FOR MANY years investigators have been endeavoring to solve the problem of the cause of death from intestinal obstruction. The complexity of factors associated with this disease and the present lack of sufficient direct evidence to support any single explanation for morbidity and death have been the principal reasons for the lack of agreement among surgeons as to the importance of basic factors operating during the disease process.
From the voluminous mass of experimental and clinical data which has accumulated, many theories have evolved in an attempt to explain the lethal mechanisms and pathologic alterations occurring during the course of the disease. The present status of these many hypotheses has been carefully evaluated recently by Wangensteen,1 Knight and Slome,2 Donalson3 and Besser4 and need not be reviewed in this paper.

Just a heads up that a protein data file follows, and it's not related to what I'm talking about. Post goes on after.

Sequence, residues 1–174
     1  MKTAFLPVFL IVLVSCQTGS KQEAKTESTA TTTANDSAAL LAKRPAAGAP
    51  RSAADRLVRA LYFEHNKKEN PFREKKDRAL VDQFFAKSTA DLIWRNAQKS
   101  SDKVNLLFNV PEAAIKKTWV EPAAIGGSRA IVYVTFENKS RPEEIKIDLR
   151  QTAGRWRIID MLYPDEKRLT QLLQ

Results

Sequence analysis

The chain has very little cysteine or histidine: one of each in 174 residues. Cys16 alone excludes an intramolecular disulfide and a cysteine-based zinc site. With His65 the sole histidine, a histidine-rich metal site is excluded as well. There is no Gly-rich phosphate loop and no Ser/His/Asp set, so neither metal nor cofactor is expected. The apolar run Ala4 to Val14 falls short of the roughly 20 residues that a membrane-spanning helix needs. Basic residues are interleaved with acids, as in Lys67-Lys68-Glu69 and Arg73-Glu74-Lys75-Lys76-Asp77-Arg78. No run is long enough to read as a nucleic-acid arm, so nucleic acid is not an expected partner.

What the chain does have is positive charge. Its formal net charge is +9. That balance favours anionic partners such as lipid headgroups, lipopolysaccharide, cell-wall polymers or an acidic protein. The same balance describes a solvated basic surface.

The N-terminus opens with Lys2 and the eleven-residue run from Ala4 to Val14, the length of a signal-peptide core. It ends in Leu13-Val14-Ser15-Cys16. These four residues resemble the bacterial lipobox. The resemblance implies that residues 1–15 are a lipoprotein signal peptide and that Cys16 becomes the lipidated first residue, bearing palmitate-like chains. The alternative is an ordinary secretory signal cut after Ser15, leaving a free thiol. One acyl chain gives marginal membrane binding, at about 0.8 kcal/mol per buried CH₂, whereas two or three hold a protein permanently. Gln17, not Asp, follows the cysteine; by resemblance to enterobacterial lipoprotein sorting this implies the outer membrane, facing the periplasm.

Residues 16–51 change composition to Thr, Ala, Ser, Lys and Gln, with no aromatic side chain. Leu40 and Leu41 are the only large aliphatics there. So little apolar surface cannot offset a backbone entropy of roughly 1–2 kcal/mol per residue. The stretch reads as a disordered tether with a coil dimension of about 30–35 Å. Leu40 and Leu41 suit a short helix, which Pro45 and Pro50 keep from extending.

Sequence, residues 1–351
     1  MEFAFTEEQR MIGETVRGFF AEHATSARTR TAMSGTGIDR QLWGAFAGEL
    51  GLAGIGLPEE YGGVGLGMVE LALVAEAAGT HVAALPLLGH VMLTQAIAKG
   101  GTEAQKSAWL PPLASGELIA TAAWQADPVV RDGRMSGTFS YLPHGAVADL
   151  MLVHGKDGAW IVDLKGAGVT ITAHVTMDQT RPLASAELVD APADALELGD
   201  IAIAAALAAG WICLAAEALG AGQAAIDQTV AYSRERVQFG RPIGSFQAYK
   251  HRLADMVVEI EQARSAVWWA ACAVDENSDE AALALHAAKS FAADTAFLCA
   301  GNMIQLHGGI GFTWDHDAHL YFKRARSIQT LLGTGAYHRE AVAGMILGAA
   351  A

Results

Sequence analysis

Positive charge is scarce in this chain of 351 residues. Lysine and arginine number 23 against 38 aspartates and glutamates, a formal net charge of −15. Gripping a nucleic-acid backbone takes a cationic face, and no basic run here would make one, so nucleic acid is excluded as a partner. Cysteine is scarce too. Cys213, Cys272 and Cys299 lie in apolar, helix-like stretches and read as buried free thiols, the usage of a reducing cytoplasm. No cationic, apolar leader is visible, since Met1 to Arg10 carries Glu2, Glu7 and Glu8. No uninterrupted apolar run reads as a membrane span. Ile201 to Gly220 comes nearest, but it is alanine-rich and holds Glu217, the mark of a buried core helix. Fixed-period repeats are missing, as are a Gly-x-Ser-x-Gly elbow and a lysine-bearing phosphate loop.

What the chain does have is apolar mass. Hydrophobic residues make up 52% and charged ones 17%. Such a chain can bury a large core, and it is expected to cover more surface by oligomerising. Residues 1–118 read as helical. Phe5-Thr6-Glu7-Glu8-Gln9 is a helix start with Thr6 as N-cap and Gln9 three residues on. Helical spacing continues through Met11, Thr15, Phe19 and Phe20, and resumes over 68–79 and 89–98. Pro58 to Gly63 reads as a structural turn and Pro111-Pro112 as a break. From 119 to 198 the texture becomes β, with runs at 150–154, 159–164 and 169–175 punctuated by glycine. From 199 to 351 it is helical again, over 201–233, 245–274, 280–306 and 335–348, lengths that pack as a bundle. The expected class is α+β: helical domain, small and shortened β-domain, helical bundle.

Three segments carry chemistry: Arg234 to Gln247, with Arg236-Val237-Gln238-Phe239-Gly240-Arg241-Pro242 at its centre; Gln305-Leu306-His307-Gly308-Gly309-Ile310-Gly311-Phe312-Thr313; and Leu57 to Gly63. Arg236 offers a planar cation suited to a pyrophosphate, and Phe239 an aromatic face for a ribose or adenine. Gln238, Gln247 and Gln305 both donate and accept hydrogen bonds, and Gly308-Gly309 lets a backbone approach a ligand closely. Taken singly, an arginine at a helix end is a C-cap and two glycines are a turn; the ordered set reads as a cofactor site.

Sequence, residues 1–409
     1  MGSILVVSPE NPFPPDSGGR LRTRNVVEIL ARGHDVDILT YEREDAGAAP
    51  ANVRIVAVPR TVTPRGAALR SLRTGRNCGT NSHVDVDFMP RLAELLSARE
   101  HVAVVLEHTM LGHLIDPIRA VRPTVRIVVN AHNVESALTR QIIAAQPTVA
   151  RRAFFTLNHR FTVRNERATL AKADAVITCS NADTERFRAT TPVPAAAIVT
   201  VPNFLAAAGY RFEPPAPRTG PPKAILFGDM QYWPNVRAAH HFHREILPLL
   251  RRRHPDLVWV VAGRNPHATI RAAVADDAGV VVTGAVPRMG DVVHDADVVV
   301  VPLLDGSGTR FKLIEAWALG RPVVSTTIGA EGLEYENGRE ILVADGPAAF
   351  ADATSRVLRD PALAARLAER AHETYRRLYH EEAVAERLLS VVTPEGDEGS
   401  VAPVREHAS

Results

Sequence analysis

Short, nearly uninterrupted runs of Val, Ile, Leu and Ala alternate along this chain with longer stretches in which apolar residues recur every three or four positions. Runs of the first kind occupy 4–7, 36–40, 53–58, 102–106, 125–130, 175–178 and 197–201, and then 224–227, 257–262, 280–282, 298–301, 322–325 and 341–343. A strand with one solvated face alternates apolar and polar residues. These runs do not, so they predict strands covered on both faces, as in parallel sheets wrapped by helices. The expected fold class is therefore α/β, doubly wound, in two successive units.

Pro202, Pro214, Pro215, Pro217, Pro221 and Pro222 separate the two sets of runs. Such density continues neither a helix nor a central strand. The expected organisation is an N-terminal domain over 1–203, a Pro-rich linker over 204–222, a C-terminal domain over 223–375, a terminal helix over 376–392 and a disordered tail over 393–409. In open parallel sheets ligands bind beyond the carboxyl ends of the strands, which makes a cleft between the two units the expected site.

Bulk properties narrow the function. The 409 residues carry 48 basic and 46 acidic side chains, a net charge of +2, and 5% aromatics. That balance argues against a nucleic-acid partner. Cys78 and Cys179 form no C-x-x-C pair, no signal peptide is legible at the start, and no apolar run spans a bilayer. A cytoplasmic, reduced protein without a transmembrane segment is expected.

The majority of recent experimental work on intestinal obstruction has placed the emphasis on the factors